The Big-Box Downsize Effect: Making Sense of Brick-and-Mortar Vacancies

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Casey McKeon, vice president of acquisitions for Heslin Holdings Casey McKeon, vice president of acquisitions for Heslin Holdings

By Casey McKeon, vice president of acquisitions for Heslin Holdings

The retail real estate sector continues to evolve as a variety of sales and lifestyle dynamics force big retailers to evaluate their brick-and-mortar footprint. With many reducing their number of physical stores, property owners and investors are faced with a multitude of challenges as they deal with the big vacancies left behind. Even so, many of the affected retail centers offer significant upside potential in the wake of a trend that could reap significant damage to this commercial real estate sector down the line.

The big-box “category killers” aren’t downsizing for any one particular reason. In fact, there are a variety of factors at play. One is the consolidation occurring among competitors. Once complete, a consolidation inevitably leads to a reduction in stores. Additionally, more and more sales are taking place online, with shipping direct from the warehouse to the consumer’s front door a more common model of product delivery. Big retailers have also begun to establish online product pick-up centers inside their store locations. Both of these delivery concepts reflect the increasing lifestyle trend toward immediacy and speed. But regardless of the delivery benefits to the consumer, they are changing the face of the sector’s real estate.

When big-box retailers leave significant square footage vacant in a center, owners and investors must initiate a plan quickly. Owners are challenged by the fact that the lease rent figures of the former tenant simply cannot be absorbed by the current marketplace. Oftentimes, an owner must retrofit the space, breaking it up into smaller spaces for junior-anchor type tenants more likely to engage in a lease. But this solution isn’t without its own issues, as the extensive space reconfiguration required is expensive, thus in many cases hard to make financially viable.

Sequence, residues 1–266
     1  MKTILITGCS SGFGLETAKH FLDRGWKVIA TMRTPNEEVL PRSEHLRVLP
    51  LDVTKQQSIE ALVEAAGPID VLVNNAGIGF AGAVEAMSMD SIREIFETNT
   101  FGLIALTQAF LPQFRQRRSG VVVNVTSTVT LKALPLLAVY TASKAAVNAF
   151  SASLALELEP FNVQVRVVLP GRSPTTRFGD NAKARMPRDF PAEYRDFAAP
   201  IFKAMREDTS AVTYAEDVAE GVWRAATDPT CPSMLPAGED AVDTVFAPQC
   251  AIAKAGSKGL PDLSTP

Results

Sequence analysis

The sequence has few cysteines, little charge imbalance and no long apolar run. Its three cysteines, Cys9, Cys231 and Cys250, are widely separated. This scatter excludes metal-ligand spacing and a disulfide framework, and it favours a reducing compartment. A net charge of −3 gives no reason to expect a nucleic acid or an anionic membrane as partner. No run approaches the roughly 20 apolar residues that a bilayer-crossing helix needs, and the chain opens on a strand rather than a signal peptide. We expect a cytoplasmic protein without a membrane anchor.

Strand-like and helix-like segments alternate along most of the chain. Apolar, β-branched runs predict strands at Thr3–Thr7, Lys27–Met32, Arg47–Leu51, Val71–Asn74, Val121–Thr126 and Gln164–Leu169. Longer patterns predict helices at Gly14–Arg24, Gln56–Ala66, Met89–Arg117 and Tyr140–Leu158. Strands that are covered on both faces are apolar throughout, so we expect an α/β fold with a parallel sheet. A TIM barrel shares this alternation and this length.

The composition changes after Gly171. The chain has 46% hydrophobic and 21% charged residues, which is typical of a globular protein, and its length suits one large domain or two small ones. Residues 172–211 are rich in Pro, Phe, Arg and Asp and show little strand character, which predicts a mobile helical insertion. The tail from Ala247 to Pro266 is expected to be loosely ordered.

Adaptive re-use is often necessary to revitalize an abandoned big-box successfully.  Reuse strategies and wholesale property redevelopment are required when the situation is financially difficult and site constrained. The feasibility test for these creative solutions includes a thorough examination of the trade area encompassing the property to ensure that a conversion to smaller mixed-use projects – potentially with a mix of retail, office and medical suites, for example - makes sense.

It is still unclear what the total impact of the big-box downsize effect will be on the retail sector over the next few years. There simply aren’t enough new retail concepts or expansion among existing brick-and-mortar retailers to absorb the incredible vacancies on the horizon. However, while the trend will be difficult to resolve on a large scale, there is still a silver lining for some. Many of these retail centers provide superb upside potential for investors skilled at value-add strategies. Because some of the big box closures are occurring in high-performing retail markets, the positive fundamentals back rehabilitation and adaptive re-use plans.  

— Casey McKeon is vice president of acquisitions for Heslin Holdings, a commercial real estate investment and development firm seeking value-add opportunities in the western United States. Visit Heslin Holdings at www.HeslinHoldings.com and contact Casey at Casey@HeslinHoldings.com.

 

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